In addition to their role as an alternative energy resource during carbohydrate deprivation, some evidence suggests that ketone bodies may act as signaling molecules. βOHB has been shown to bind and inhibit the activity of class I histone deacetylases (Riggs et al., 1977; Shimazu et al., 2013), possibly accounting for the observation of histone hyperacetylation in cells treated with βOHB both in vitro and in vivo , and βOHB treatment also leads to transcriptional changes in genes associated with cell survival and oxidative stress responses (Shimazu et al., 2013). Two recent studies invoked a similar mechanism in showing that βOHB-induced expression of brain-derived neurotrophic factor (BDNF) in cortical and hippocampal neurons, both in cell culture and in mice (Marosi et al., 2016; Sleiman et al., 2016). Further, βOHB-induced BDNF expression could play an important role in regulation of the synaptic plasticity that contributes to increased spine formation and improved memory performance observed in this study. Our recent work and a previous report point out that deletion of the mammalian citrate transporter Indy in mice can induce improved metabolic health, memory performance, and increased ketogenesis (Birkenfeld et al., 2011; Fan et al., 2021). These observations further support our hypothesis of a biphasic effect of citrate in the regulation of physiology. Interestingly, both citrate supplementation and mammalian Indy knockout mice display improved performance in memory tests, but not in the other tests of cognitive function examined in this study. Higher expression levels of mammalian Indy in the cerebral cortex and hippocampus could be a possible explanation for this discrepancy, though the expression pattern of the other citrate transporters in the brain has not been fully investigated (Fan et al., 2021). Further experiments will be helpful in dissecting the interaction of citrate supplementation and the various citrate transporters in cognitive regulation.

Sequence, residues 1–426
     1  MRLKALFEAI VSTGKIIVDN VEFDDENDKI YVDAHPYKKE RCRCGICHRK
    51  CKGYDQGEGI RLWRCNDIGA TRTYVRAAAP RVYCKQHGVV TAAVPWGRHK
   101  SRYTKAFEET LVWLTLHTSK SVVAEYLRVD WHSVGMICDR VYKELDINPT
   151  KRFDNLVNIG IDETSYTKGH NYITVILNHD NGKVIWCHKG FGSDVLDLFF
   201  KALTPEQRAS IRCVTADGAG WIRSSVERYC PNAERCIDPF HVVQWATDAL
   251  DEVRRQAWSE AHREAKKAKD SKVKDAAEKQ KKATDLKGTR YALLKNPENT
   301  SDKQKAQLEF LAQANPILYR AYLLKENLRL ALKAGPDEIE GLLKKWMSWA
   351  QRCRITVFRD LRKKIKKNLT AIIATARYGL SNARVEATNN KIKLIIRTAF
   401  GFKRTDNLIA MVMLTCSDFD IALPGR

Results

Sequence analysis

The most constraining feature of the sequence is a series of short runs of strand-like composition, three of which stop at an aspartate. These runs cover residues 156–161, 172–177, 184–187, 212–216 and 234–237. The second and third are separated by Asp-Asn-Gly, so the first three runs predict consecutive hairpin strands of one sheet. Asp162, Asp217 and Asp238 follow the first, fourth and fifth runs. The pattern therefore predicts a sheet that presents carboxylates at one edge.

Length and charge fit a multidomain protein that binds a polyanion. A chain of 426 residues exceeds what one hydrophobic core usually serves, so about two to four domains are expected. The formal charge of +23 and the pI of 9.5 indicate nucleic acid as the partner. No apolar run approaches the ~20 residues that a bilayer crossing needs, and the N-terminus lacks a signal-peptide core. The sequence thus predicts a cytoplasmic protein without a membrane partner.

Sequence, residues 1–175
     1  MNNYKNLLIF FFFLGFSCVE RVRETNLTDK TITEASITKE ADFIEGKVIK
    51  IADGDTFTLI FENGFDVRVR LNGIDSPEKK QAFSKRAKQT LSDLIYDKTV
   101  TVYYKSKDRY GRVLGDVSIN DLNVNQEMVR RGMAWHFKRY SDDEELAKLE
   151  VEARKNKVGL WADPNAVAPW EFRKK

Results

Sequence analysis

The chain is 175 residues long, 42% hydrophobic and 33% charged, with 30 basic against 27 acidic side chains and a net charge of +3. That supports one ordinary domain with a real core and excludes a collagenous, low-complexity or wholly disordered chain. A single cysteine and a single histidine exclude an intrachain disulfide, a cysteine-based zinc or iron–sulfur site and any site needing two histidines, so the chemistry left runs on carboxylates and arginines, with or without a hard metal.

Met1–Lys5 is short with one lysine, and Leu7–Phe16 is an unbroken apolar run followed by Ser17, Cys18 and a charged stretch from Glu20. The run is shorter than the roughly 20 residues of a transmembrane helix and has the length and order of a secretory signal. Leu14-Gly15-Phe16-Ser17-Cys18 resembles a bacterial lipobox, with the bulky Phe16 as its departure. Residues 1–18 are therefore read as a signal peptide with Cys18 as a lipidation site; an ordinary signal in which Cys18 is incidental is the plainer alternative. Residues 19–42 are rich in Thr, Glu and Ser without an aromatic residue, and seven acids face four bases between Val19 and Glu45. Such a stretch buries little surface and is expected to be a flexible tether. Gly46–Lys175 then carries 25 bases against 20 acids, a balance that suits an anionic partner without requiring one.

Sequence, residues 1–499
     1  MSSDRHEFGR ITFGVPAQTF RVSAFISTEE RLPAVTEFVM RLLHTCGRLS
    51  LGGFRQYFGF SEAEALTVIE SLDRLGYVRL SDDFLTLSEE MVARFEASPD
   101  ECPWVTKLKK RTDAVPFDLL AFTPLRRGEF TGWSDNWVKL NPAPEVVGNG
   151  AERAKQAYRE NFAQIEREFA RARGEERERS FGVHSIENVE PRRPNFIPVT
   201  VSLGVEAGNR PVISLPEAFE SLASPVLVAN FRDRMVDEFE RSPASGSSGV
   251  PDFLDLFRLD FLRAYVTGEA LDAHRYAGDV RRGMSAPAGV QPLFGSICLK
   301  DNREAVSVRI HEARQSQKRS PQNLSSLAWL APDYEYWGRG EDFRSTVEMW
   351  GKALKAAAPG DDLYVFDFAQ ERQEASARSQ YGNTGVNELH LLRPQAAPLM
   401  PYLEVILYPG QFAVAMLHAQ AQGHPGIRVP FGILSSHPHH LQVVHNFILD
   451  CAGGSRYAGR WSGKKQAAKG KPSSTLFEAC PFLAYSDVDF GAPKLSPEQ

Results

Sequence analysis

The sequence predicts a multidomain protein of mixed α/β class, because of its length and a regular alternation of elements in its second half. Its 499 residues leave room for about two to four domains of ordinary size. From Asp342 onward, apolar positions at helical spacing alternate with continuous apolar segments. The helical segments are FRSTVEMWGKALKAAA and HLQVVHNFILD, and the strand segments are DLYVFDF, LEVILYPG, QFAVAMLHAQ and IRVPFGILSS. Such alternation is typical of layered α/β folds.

(Allie) #5

I’m no fruit fly… :eyes:

(Michael - When reality fails to meet expectations, the problem is not reality.) #6

Nor rodent, nor nematode… yet studies using these animals because of their relatively short lifespans have enabled scientists to learn a lot about human metabolism, health and disease. Sure, you have to realize that studies of these and other animals may or may not be directly applicable to humans - and you have to look carefully at the study parameters - but don’t dismiss studies as irrelevant just because they are/were not controlled, double-blind, crossover studies of human subjects. I think we can learn more from a good nutritional study of drosophila than a nutritional epidemiological study of humans that uses a ‘what did you eat and how much’ questionaire.